Dobson: That's true.
Bundy: And it's real.
Dobson: Ted, what would your life have been like without that influence? You can only speculate.
Bundy: I'm absolutely certain [it] would not have involved this kind of violence that I have committed.
Dobson: One of the most important questions as you come down to perhaps your final hours: Are you thinking about all those victims out there and their families who are so wounded?
Bundy: Absolutely. I can only hope that those who I have harmed and those who I have caused so much grief--even if they don't believe my expression of sorrow and remorse--will believe what I'm saying now, that there is loose in their towns, in their communities, people like me today whose dangerous impulses are being fueled day in and day out by violence in the media in its various forms, particularly sexualized violence. And what scares me--and let's come into the present now because what I'm talking about happened twenty, thirty years ago, that is, in my formative stages. And what scares and appalls me, Dr. Dobson, is when I see what's on cable TV, some of the movies, some of the violence in the movies that come into homes today was stuff that they wouldn't show in x-rated adult theaters thirty years ago.
Dobson: The slasher movies that you're talking about.
Bundy: The stuff is--I'm telling you from personal experience--the most graphic violence on the screen. Particularly as it gets into the home to the children who may be unattended or unaware that they may be a Ted Bundy who has that vulnerability to that kind of behavior, by that kind of movie and that kind of violence.
Dobson: Can you help me understand this desensitization process that took place? What was going on in your mind?
Bundy: Each time I harmed someone, each time I killed someone, there would be an enormous amount of horror, guilt, remorse afterward. But then that impulse to do it again would come back even stronger. The unique thing about how this worked, Dr. Dobson, is that I still felt, in my regular life, the full range of guilt and remorse about other things. Regret and...
Dobson: You had this compartmentalized...
Bundy: ...compartmentalized, very well focused, very sharply focused area where it was like a black hole. It was like a crack. And everything that fell into that crack just disappeared. Does that make sense?
Dobson: It does. One of the final murders that you committed, of course, was apparently little Kimberly Leach, twelve years of age. I think the public outcry is greater there because an innocent child was taken from a playground. What did you feel after that? Were there the normal emotions three days later? Where were you, Ted?
Bundy: [Struggling for words] I can't really talk about that right now.
Dobson: That's too painful.
Bundy: I would like to convey to you what that experience is like, but I can't. I won't be able to talk about that...
[continuing] I can't begin to understand--well, I can try, but I'm aware that I can't begin to understand the pain that the parents of these children--that I have, and these young women that I have harmed--feel. And I can't restore really much to them, if anything, and I won't pretend to. I don't even expect them to forgive me, and I'm not asking for it. That kind of forgiveness is of God. And if they have it, they have it, and if they don't, well, maybe they'll find it someday.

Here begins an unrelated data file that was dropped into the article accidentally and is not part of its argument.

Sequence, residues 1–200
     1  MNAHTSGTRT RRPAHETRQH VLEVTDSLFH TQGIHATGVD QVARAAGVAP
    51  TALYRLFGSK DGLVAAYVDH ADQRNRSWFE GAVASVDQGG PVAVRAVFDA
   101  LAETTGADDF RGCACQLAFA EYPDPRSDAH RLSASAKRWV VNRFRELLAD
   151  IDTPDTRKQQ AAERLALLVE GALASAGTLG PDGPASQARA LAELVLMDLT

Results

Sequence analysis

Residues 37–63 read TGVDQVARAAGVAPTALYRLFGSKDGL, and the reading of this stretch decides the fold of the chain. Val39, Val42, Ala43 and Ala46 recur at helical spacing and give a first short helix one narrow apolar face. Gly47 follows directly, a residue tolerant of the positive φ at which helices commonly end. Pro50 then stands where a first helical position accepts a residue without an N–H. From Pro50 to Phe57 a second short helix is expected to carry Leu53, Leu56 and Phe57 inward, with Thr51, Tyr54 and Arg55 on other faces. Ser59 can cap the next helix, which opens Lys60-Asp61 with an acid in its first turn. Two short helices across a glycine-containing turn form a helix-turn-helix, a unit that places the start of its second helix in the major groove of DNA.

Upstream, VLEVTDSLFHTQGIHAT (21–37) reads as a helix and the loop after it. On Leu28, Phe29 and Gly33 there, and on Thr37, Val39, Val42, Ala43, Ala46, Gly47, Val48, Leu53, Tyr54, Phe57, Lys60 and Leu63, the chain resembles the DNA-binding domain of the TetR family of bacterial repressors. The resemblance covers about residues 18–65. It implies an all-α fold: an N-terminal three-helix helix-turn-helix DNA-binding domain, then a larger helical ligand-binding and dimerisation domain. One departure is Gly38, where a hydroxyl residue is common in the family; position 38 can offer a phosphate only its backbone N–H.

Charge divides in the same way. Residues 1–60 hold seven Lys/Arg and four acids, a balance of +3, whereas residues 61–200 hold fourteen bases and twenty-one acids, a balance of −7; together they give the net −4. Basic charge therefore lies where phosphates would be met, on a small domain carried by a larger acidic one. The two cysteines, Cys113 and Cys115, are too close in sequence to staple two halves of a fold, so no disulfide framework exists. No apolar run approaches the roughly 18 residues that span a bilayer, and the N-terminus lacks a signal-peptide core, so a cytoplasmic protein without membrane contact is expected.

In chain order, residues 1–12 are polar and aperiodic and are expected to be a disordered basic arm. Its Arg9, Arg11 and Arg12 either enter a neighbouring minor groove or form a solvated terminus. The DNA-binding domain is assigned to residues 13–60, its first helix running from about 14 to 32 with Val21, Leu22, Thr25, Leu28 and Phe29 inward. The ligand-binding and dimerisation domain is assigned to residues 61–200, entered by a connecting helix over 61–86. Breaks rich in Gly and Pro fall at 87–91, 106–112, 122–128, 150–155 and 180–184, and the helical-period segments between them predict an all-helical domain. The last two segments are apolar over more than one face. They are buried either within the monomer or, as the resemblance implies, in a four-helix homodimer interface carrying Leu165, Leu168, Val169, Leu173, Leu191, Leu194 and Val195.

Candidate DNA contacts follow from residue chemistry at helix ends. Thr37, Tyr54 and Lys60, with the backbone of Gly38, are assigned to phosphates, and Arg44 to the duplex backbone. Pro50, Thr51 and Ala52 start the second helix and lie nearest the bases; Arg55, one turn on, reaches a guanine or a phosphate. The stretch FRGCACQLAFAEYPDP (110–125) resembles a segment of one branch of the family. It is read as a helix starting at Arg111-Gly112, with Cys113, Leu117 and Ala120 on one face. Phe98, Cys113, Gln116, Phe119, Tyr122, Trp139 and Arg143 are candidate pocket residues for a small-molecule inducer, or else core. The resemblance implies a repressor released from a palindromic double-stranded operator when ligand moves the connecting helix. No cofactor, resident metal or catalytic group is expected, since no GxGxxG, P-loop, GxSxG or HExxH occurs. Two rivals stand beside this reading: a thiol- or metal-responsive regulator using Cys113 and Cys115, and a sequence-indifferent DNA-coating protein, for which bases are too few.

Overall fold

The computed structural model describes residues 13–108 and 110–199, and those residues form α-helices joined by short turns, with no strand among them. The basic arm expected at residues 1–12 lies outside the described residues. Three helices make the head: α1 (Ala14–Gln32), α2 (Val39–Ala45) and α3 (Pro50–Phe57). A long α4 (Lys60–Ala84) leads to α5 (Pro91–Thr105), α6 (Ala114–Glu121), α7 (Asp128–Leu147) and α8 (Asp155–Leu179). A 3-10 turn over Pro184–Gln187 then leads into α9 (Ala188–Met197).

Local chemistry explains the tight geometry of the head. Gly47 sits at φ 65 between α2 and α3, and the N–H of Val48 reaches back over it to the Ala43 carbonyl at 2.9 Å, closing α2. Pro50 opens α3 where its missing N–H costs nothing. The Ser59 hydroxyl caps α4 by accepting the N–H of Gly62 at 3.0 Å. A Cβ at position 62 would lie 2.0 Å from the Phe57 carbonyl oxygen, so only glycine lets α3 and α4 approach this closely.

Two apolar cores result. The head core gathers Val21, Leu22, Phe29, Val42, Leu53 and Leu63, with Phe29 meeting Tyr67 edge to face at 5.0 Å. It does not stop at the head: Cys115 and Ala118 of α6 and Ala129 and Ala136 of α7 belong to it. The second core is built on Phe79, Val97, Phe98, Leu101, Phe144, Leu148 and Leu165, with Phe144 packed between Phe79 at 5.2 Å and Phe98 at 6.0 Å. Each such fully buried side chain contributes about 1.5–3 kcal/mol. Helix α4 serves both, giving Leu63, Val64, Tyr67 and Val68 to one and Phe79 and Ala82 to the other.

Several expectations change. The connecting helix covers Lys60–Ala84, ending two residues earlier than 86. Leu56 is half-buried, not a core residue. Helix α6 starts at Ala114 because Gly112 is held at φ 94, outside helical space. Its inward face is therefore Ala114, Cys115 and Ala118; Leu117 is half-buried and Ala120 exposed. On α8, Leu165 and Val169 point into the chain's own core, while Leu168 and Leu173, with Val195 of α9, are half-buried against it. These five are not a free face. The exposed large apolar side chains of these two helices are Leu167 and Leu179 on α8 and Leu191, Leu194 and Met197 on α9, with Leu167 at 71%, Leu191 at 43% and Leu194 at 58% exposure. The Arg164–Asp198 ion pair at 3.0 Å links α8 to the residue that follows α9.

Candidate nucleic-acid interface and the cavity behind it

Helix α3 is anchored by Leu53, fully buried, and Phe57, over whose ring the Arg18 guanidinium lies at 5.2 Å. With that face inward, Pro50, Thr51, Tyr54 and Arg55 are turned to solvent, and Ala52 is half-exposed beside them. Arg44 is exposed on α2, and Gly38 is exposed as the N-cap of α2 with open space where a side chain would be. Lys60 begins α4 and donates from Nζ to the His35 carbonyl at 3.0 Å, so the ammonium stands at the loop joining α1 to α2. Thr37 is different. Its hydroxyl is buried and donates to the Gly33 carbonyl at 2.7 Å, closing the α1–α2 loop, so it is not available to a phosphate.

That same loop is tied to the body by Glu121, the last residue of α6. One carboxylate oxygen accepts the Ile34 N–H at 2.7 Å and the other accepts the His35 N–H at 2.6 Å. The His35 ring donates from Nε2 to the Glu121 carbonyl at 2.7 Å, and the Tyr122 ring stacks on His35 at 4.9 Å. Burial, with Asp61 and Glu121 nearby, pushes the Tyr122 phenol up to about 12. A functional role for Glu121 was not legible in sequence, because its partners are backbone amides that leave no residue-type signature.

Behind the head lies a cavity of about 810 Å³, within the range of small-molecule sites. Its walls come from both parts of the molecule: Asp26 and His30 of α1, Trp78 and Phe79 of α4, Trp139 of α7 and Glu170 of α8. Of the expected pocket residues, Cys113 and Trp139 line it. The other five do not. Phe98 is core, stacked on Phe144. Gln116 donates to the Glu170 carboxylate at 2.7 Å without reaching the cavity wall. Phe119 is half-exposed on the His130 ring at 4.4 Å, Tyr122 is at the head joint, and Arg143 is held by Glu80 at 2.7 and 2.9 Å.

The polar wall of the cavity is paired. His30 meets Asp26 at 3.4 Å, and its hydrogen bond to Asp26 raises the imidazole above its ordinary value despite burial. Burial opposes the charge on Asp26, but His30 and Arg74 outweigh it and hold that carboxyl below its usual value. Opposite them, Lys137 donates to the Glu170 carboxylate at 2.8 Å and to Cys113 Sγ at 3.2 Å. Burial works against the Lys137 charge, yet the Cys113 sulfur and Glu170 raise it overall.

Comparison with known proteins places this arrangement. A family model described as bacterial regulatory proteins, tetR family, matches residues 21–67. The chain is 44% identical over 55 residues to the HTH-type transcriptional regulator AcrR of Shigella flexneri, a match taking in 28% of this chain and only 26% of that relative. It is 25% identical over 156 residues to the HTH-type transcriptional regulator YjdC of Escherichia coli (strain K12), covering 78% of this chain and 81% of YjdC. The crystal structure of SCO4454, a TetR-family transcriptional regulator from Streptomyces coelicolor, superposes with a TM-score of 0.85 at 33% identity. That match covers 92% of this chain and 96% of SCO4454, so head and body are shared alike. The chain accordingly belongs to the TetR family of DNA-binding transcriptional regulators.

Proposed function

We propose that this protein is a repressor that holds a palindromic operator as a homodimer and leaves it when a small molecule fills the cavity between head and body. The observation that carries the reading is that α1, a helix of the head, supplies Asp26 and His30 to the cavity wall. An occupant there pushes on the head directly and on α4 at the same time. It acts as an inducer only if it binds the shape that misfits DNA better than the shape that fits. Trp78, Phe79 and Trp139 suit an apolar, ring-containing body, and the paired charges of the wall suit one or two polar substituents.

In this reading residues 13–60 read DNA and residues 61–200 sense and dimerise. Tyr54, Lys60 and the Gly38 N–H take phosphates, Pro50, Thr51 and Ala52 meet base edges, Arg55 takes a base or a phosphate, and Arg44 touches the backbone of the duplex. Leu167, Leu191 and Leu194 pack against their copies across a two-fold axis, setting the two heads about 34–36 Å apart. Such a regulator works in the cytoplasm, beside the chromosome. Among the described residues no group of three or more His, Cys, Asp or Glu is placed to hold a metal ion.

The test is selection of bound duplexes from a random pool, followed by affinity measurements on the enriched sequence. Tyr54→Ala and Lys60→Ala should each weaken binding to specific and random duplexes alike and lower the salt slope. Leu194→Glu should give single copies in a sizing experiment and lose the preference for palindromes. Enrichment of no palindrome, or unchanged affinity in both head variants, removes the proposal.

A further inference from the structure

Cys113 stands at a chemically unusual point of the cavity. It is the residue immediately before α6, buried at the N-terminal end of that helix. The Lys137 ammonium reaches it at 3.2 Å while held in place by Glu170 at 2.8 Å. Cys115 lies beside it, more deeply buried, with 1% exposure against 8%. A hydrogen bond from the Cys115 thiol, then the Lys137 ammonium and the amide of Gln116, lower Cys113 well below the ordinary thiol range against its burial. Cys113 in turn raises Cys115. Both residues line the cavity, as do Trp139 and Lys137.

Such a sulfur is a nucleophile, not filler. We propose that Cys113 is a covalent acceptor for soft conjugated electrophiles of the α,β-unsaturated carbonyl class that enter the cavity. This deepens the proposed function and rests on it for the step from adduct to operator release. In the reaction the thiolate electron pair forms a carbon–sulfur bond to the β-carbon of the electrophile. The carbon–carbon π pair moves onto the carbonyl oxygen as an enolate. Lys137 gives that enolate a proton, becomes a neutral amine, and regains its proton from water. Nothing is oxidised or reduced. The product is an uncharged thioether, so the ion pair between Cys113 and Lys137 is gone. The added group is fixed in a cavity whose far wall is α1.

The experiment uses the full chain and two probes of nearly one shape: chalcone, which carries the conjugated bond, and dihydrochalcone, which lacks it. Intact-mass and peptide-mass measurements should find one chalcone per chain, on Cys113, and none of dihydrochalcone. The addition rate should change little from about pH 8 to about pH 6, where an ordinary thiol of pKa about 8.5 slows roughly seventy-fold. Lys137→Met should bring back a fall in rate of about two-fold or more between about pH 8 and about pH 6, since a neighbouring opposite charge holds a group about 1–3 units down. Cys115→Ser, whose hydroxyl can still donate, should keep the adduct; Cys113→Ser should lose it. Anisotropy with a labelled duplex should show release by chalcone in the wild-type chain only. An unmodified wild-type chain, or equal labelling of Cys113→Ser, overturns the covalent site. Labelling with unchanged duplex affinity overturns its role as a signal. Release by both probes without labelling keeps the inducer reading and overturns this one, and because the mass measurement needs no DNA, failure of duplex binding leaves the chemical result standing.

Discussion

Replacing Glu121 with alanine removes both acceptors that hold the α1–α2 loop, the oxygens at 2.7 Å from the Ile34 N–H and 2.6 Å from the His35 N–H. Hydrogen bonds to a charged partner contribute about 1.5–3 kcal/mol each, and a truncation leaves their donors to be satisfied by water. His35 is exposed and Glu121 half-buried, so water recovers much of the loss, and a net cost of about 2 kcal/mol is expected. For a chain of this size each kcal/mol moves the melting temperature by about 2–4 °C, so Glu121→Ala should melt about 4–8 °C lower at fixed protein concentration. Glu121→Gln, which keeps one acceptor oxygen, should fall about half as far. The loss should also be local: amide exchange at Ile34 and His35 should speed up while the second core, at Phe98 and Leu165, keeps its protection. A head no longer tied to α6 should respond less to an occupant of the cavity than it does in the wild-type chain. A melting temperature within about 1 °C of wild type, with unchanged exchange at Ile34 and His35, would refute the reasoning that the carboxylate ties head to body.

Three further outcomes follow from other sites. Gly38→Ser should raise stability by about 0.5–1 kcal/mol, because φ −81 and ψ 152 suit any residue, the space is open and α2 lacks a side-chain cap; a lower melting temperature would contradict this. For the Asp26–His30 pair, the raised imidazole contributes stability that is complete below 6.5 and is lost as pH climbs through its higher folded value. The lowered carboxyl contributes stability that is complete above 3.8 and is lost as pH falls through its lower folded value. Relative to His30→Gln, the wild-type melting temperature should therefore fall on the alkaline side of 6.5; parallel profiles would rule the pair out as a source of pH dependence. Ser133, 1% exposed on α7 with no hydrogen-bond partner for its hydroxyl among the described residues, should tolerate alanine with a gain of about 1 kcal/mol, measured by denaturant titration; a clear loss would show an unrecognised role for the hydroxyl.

Dobson: Do you deserve the punishment the state has inflicted upon you?
Bundy: That's a very good question, and I'll answer it very honestly. I don't want to die. I deserve, certainly, the most extreme punishment society has, and I think society deserves to be protected from me and from others like me. That's the irony. What I'm talking about is going beyond retribution because there is no way in the world that killing me is going to restore those beautiful children to their parents and correct and soothe the pain. But I'll tell you, there are lots of other kids playing in streets around this country today who are going to be dead tomorrow and the next day and the next day and next month, because other young people are reading the kinds of things and seeing the kinds of things that are available in the media today.
Dobson: And yet, you told me last night, and I have heard that you have accepted the forgiveness of Jesus Christ, and are a follower and a believer in Him. Do you draw strength from that as you approach these final hours?
Bundy: I do. I can't say that being in the valley of the shadow of death is something that I've become all that accustomed to, and that I'm strong and nothing's bothering me. Listen, it's no fun. It gets kind of lonely, and yet, I have to remind myself that every one of us will go through this someday in one way or another...and countless millions who have walked this earth before us have, so this is just an experience which we all share. Here I am.
With that, Ted Bundy was led away with his arms cuffed behind his back. At seven o'clock the following morning, he was buckled into the electric chair, and his soul went into eternity. If anyone ever deserved to be executed, it was this man. He brutally killed without mercy and inflicted incredible pain on the families and friends of his victims. What a tragedy! There is a possibility, at least, that it would not have occurred if that thirteen-year-old boy had never stumbled onto pornographic magazines in a garbage dump. He was one of those people who was terribly vulnerable to depictions of sexualized violence.
Bundy was correct in saying that most serial murderers are addicted to hard-core pornography. FBI records validate that point. Not every person exposed to obscenity will become a killer, of course, but too many will! If only five or ten people in a nation become serial murderers per year, each killing twenty-eight people, it is too many!
Unfortunately, the willingness of men in our culture to harm women is far more widespread than that. Two researchers at UCLA studied this impulse among "normal" university men. They asked hundreds of male sophomores, "Would you rape a woman if you knew you would never get caught?" More than 50 percent said "Yes."
Pornography Often Leads to Violent Crime
Common sense tells us that providing potentially violent men with highly erotic depictions of rape, murder, and torture is dangerous and stupid. Yet there is very little restraint on what the pornographers are able to produce and sell in this country. And remember this: Hunters read hunting magazines, fishermen read fishing magazines, computer specialists read computer magazines, and you can be sure that men who find it exciting to assault women sexually read magazines and watch videos that depict that terrible abuse.
What does this discussion mean for you? Just this: Remember that pornography is dangerous. It can warp the mind and destroy sexual intimacy in marriage. Stay away from it. A monster is crouched behind that door.
Book: Life on the Edge
By Dr. James Dobson